Ancillary benefits are non-traditional benefit packages offered by employers, often to supplement traditional or common benefits. In addition to giving employees more financial security or peace of mind. Ancillary benefits can be a great recruitment tool to bring in top employees who want something extra from their managers. Offering ancillary benefits also might improve the overall health and wellness of your employees when tied to a wellness program.
In some states offering group disability insurance can be an ancillary benefit, but in New York, employers are required by law to offer disability. Under the law, employers must pay out 50 percent of the disability claimant’s average weekly salary. The law caps the benefit at $170 per week. There’s a seven day waiting period and the benefit may only be paid for a maximum of 26 weeks out a period of 52 consecutive weeks.
Employers can offer ancillary benefits that go beyond what New York state mandates in its Disability Benefits Law (DBL). This may take several forms. You can raise the percentage of salary that’s awarded to the claimant or raise the weekly maximum. You can shorten or eliminate the waiting period before the claim is paid, or extend the period of time in which payments are made. Employers are allowed to ask employees to contribute to the plan, but this isn’t mandatory.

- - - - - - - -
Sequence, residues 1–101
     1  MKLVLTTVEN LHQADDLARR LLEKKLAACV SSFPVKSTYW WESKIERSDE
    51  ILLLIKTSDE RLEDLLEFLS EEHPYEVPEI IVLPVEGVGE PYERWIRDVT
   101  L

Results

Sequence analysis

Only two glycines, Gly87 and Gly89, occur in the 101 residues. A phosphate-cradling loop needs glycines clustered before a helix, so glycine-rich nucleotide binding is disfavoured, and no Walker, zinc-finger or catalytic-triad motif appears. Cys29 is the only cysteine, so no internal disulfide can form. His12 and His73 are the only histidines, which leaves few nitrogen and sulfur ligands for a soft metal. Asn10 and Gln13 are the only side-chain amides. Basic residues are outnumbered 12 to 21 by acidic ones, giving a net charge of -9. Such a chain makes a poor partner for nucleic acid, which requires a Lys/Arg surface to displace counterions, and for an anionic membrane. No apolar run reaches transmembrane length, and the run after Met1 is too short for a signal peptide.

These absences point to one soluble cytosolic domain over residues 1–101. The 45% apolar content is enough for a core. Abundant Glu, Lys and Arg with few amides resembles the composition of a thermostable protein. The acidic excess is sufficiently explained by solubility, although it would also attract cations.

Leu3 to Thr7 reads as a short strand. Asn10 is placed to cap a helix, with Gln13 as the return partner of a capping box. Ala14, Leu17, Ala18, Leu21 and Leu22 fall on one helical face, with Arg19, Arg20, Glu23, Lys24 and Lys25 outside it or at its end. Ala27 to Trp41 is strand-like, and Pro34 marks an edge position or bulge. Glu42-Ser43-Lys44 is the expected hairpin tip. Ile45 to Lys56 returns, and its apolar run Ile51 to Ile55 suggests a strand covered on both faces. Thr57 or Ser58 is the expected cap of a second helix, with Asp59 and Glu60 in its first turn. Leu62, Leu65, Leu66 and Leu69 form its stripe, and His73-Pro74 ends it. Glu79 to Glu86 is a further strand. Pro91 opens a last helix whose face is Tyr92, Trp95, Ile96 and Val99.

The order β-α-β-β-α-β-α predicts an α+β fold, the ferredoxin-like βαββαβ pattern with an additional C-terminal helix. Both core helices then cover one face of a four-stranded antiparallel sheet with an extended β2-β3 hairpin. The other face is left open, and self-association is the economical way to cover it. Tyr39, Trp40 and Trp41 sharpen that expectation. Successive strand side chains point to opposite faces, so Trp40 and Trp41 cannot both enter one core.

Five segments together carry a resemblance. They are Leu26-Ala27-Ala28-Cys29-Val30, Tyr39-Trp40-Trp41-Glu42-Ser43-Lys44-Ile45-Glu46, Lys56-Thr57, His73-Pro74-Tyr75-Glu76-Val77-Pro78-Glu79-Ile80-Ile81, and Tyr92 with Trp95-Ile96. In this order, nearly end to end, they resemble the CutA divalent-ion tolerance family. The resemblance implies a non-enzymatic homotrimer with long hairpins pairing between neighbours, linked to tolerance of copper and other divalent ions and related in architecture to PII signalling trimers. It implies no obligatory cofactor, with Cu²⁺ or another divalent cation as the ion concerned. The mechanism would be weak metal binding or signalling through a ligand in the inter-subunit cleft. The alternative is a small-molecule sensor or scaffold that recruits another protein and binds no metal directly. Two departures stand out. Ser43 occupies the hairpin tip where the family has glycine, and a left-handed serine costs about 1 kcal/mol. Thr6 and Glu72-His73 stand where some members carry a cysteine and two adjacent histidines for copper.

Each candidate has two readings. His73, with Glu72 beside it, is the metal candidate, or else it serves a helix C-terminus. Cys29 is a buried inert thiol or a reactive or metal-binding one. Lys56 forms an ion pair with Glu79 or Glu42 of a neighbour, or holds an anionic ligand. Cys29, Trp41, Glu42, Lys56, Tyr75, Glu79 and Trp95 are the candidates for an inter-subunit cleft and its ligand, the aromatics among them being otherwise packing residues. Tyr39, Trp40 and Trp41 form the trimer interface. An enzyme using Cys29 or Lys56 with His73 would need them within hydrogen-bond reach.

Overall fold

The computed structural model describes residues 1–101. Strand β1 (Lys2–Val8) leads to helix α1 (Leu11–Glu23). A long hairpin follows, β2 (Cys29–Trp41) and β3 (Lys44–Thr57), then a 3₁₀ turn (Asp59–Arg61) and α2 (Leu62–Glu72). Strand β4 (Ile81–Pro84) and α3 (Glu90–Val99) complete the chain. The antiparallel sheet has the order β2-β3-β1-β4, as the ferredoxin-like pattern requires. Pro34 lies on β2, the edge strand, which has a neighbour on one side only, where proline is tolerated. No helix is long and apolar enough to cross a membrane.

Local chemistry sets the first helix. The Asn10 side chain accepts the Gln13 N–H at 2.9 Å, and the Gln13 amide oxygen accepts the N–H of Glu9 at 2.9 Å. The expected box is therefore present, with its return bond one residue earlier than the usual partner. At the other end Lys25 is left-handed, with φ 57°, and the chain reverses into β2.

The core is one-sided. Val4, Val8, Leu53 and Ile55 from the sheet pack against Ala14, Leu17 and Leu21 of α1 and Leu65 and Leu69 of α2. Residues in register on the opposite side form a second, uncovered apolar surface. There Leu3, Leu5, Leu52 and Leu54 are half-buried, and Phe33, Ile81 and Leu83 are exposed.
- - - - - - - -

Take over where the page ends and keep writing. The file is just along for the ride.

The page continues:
Sometimes ancillary benefits can be packaged together. For example, vision, dental, long term disability and group life can be bundled together by some insurers. Other plans can stand alone.
Offering ancillary benefits to your employees can help to address any unexpected costs they may occur unexpectedly that are not covered by their current benefit plan(s). Blair can help your business or organization find the right ancillary benefits for your disability insurance plan.